Pro-Israeli Website Gets Koobface Captured Passwords
According to Webroot the Information Technology security company, its researchers have identified a website supporting Israeli policies as getting passwords which a social networking virus Koobface is stealing. Koobface has been into existence since over 12 months.
The virus, which utilizes the website, hosts malevolent files. Not only that, it also functions as a proxy C&C (command and control) server needed to run its botnet.
Back in May this year (2010), the name of the compromised website, migdal.org.il appeared on several online sites and blog posts that provided the series of domain names exploited for hosting malicious software. At that time the Koobface botnet started employing compromised servers for disseminating its malevolent program files.
What's more, since that month, while delivering a number of payloads onto infected PCs, the Koobface has been thrusting an information stealing Trojan as well. That Trojan is identified as migdal.org.il.ex, which sends the captured passwords collected from contaminated PCs straight in the direction of the server, migdal.org.il that's situated at a United Kingdom Internet Service Provider.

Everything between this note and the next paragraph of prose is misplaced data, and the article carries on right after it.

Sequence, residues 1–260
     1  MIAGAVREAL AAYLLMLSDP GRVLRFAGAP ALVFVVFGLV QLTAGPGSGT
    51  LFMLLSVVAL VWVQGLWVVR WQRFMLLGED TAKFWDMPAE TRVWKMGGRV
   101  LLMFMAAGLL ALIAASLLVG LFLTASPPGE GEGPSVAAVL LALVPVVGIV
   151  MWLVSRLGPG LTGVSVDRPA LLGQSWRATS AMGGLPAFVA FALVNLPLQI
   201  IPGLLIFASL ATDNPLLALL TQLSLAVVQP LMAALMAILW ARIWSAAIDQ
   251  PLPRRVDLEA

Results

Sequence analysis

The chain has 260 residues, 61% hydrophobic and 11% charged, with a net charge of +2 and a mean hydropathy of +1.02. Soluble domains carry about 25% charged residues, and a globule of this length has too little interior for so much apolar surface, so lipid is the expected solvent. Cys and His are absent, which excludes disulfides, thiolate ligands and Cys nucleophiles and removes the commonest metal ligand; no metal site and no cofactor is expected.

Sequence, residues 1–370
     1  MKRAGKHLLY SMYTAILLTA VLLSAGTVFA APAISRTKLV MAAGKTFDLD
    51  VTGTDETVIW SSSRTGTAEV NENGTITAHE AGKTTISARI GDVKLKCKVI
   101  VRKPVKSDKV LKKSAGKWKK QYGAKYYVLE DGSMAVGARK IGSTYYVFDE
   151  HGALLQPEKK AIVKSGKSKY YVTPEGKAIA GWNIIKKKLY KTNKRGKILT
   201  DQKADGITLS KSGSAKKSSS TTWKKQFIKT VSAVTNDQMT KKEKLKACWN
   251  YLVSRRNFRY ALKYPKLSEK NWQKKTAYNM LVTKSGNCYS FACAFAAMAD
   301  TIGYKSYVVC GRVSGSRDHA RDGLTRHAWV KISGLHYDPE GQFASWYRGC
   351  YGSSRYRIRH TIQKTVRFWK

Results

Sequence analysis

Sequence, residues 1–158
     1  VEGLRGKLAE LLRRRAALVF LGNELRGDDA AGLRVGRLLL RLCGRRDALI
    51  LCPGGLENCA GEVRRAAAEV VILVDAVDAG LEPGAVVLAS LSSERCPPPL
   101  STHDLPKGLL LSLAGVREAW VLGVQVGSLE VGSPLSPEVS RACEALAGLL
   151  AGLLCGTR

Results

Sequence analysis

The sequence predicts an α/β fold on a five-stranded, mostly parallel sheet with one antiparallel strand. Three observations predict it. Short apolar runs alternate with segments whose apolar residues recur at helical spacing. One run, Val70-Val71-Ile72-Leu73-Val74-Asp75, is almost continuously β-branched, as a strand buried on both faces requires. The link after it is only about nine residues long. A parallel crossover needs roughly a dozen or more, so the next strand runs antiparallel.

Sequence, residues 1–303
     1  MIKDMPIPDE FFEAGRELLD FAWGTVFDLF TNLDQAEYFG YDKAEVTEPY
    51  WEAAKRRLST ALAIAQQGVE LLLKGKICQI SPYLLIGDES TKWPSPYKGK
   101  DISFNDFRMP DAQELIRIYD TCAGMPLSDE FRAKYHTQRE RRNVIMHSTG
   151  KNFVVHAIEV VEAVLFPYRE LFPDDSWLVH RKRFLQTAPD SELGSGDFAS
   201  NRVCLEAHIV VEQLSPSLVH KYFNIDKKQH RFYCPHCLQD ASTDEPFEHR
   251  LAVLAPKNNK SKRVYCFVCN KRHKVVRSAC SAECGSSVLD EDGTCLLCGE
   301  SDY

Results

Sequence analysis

Security Company Webroot, which closely examined the Migdal malware said that it appeared as a quite classic information stealer just like Zbot or SpyEye although it seemed unique from both those widely prevalent Trojans.
Stated Senior Security Researcher Andrew Brandt at Webroot that it also appeared that Migdal was a Jewish/French association which gave aid along with resources to Israeli border guards as well as to the country's children. In addition, its (the association's) leadership criticized numerous concessions of Israel which Palestinians negotiators had solicited when the process for peace was on, he said. InfoSecurity.com published this in news on September 3, 2010.
Brandt questioned if the Koobface goons had started using political issues, alternatively simply took advantage of a favorable circumstance using a discarded website.
In the meantime, earlier Brandt had blogged that it was indeed noteworthy that those perpetrating Koobface purposely drew attention towards the specific domain name via calling the Trojan in that name. However, the actual motives of the gang were easily discernible, the researcher had added. Webroot Threat Blogs published this on September 2, 2010.
» SPAMfighter News - 13-09-2010